Telegraph Totem

Telegraph Totem

The towerrs murals line stairways and hallways, among other locations.
David Wakely

After being closed for six months of repair, Coit Tower recently reopened its doors in San Francisco. The 13-story, 210-foot-tall tower underwent a $1.7 million restoration—its most comprehensive ever. The chief work involved repair of its water-damaged fresco murals, of which there are 25 in total. Located in Pioneer Park on Telegraph Hill, the tower has served as a prominent city landmark since the early 1930s. Although today it serves as a museum, it was originally used as an observation tower.

Designed by architects Arthur Brown Jr. and Henry Howard, the structure was named after Lillie Hitchcock Coit, a San Francisco socialite who left a third of her estate to beautify the city. Coit also wanted the tower to serve as a memorial to the city’s firefighters, with whom she frequently volunteered. Although debunked, some still believe the tower was designed to resemble a fire hose nozzle.


There are 3,681 square feet of murals inside the Art Deco tower, painted by 25 artists and their assistants under FDR’s Public Works of Art Project. Many were faculty and students from the California School of Fine Art, and four were women, including Maxine Albro, a prominent San Francisco-based artist, whose 42-foot-long mural features an agricultural scene. At one point, Albro, whose artwork is also featured at San Francisco State University, worked as an assistant to Diego Rivera. All of the murals except two were painted on site.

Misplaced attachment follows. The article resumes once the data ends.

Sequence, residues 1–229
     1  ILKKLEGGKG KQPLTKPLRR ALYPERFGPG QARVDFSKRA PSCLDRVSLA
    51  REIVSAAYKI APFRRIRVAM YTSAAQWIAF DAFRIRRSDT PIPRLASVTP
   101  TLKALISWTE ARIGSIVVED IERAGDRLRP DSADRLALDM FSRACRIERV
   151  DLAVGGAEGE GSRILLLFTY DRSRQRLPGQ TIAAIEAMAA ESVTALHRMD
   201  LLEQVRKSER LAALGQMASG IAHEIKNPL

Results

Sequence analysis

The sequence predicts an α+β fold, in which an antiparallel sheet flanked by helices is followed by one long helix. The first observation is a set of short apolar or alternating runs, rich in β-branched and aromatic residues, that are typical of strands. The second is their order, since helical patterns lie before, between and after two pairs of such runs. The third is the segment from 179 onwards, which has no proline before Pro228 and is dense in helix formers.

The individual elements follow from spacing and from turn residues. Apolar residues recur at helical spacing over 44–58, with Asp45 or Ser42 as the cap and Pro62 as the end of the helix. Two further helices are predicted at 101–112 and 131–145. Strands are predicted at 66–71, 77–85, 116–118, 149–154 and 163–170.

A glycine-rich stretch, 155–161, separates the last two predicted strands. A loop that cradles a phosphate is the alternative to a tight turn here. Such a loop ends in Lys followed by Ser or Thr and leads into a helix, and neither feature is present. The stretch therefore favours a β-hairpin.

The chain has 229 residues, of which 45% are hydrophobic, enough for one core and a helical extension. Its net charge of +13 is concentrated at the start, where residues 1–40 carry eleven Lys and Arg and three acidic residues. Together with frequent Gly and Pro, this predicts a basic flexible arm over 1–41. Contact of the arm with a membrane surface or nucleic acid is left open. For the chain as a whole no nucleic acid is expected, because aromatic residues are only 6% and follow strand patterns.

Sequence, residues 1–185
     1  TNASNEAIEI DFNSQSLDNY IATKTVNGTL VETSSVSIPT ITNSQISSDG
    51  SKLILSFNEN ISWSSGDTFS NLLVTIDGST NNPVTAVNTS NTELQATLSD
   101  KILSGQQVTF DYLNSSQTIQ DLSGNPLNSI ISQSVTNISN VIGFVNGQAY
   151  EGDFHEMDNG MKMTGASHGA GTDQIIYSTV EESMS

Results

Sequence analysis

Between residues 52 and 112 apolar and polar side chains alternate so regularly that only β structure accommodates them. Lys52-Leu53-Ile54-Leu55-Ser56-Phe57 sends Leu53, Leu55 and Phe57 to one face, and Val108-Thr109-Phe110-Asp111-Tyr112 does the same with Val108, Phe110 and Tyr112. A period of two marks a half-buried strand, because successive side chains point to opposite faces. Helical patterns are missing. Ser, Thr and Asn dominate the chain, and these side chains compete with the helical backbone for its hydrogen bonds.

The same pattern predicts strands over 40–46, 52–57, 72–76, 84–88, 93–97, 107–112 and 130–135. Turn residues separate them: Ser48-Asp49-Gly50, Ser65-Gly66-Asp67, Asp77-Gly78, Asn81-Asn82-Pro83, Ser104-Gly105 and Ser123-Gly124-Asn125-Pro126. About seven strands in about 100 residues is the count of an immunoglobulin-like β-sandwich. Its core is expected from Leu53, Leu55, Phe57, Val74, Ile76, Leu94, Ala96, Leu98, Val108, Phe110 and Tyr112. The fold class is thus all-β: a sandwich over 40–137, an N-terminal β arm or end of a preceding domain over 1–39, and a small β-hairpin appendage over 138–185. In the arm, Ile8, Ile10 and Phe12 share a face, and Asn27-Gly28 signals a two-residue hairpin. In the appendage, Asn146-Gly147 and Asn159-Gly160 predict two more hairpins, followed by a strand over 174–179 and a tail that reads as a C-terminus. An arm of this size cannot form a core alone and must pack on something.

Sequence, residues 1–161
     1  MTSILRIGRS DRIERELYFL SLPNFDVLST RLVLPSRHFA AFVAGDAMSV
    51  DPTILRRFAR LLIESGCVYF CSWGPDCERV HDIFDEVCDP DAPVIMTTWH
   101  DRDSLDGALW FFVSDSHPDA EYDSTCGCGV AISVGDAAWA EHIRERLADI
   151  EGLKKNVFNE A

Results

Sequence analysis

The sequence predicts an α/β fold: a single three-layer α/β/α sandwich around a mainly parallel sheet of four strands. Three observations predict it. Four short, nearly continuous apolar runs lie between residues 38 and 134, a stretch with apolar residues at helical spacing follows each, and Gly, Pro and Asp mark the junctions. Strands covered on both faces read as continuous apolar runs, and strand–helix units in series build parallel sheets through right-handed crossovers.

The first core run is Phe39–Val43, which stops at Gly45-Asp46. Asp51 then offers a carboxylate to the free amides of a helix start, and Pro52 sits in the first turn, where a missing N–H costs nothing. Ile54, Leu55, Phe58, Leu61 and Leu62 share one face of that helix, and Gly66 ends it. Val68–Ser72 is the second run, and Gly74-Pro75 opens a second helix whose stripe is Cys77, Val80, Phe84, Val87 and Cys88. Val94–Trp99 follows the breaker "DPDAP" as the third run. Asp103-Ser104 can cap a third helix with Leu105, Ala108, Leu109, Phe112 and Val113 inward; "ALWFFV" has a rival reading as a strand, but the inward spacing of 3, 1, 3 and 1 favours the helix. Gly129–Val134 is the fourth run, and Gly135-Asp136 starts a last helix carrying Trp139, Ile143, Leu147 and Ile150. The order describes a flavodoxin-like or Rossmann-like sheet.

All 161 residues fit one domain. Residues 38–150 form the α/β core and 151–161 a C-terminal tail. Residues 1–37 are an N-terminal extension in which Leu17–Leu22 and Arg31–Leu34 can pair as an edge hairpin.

The frescos, featured on walls, hallways, and even winding up a lower portion of a spiral staircase, portray life, current events, industry, and San Francisco during the Great Depression. They depict a variety of political views and include figures as diverse as Eleanor Roosevelt and the founding president of Bank of America.


Over the years harsh weather damaged the murals. The San Francisco Recreation and Parks Department hired Architectural Resources Group (ARG) to lead the building restoration and Anne Rosenthal Fine Arts Conservation to conserve the murals—which took two-years to complete. Conservators first cleaned the mural surfaces with dry sponges to remove any dirt. Then they restored the murals with a technique called inpainting, which repaired deteriorating paint while allowing future conservators to reverse restorations if needed.

Looking toward the future, ARG focused on waterproofing the flat roof and exterior, as well as creating a climate-controlled environment for the murals. The firm repaired the exterior reinforced concrete and brought historic windows and bathrooms up to code. Accommodations were also made for accessibility and improvements to the gift shop.

“How do you preserve artwork in an area that was not intended to contain artwork?” said David Wessel, principal at Architectural Resources Group. “The biggest challenge was determining where water was getting into the building.” The firm used infrared technology and water testing to trace the leak.

ARG thought a source of the leaks was the 100-year-old water tanks—originally installed to service plumbing—sitting in the middle of the tower. They hired a diver to explore them, learning that they were in fact safe and still functioning. It was only the roof that was leaking, with water moving from the top of the building downward through concrete rock pockets.